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To frame the Trust’s response to the Pension Scheme Review Consultation,
from its perspective as an NHS employer.


      This paper is not aimed at explaining the great details of the Review or
      the potential implications for individual Scheme members.

      A full technical consultation document, including a detailed breakdown
      options and costs, is available from the NHS Employers website at :
     or by request from the NHS Pension
      Scheme Project Team, NHS Employers, 29 Bressenden Place,
      London. SW1E 5DD or

      Tools such as questions and answers, case studies and a glossary and
      a ready reckoner comparison facility to help answer questions that
      colleagues and staff may have are available on the NHS Employers


That the Board considers, comments and endorses the proposed employer
response to the Pension Scheme Review Consultation.


      Annexed is the summary document on the options for changing the
      NHS Pension Scheme contained in Moving to a 21st century pension
      scheme – the NHS Pension Scheme Review Consultation

      This document contains information on:

      •   The background to the Review and reasons for its necessity.
      •   How recommendations and proposals for the new Scheme differ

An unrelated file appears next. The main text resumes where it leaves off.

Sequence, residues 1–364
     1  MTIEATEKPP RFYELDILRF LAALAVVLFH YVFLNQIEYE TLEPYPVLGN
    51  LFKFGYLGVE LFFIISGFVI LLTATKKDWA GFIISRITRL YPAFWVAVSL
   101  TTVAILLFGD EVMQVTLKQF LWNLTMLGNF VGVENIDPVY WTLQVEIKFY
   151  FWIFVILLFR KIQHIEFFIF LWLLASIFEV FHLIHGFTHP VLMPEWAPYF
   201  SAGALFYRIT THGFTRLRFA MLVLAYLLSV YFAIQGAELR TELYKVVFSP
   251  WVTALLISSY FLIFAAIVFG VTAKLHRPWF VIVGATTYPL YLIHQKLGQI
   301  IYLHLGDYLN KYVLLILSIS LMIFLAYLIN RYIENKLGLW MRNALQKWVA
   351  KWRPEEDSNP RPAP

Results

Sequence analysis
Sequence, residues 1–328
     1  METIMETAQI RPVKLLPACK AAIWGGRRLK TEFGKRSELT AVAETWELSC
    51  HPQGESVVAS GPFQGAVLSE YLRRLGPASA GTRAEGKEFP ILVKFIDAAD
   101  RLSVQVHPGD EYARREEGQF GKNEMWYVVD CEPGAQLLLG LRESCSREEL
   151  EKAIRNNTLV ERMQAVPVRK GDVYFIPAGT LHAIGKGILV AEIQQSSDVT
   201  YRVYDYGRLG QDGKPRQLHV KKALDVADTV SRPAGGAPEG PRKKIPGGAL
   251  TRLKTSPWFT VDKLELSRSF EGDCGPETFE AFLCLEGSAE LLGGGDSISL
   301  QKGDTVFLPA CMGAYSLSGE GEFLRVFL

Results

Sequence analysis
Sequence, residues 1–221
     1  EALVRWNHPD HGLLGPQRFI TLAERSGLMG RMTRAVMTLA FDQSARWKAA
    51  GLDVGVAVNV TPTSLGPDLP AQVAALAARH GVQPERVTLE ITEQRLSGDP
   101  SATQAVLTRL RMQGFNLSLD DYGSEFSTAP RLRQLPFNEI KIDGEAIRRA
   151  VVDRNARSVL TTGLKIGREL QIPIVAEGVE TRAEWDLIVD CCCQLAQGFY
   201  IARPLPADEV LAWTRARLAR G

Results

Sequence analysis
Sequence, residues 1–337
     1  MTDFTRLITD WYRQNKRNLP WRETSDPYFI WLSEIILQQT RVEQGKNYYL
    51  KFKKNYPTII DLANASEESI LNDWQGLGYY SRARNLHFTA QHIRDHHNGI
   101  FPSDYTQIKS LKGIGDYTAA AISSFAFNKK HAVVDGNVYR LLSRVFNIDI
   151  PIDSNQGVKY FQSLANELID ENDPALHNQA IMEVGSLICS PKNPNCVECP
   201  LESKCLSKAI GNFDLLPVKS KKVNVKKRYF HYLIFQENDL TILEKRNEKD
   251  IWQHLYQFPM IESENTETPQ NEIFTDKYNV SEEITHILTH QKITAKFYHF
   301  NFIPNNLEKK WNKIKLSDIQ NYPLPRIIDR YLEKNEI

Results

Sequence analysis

from the current Scheme.

      •   How changes would affect scheme members at different times and
          in different situations.

      •   How further information can be obtained.

      •   How to let the Review team know what we think about the
          proposals for change.

      All Scheme members have received a explanatory leaflet with payslips,
      which strongly recommends personal reading and research through the
      Employers website, to assess personal implications, and to respond
      actively to the Consultation. Additionally, in this Trust, all staff have
      had the opportunity of attending local briefing sessions at which HR
      and Pension/Payroll Team representatives are aiming to raise
      awareness and, through discussion and explanation, encourage and
      enable staff to respond effectively to the Review Consultation.

      Not until 2007/8 will every member receive a personalised pension
      statement which will give the choice and benefit implications of
      transferring into the new Scheme, or remaining on the current Scheme
      to the end of the protection period.


      Through the website, all scheme members are being invited to respond
      to any or all of 30 questions soliciting views on a wide range of detailed
      proposals for change. NHS employers are also be strongly
      encouraged to respond. Taking into account that the Pension Review
      is being led by the NHS Confederation and, apparently uniquely in
      public sector pension reviews, with full partnership with the staff-side
      representatives, this Trust should take the opportunity to respond

      The proposed response is limited to the key and significant questions
      relevant to the Trust as an employer. Board members are invited to
      contribute comments on any of the other consultation questions
      or to make any further/additional contributions on the Trust’s
      proposed response.

Question     We would like to know what you think of the Government’s
             intention to increase the normal pension age to 65 for
             public sector workers and its appropriateness for the NHS.